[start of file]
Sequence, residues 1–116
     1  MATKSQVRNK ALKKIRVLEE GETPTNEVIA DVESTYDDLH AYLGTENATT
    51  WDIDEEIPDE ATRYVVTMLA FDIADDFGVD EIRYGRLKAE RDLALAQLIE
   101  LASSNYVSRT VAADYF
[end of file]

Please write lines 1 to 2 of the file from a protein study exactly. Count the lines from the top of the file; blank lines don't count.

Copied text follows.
Sequence, residues 1–116
     1  MATKSQVRNK ALKKIRVLEE GETPTNEVIA DVESTYDDLH AYLGTENATT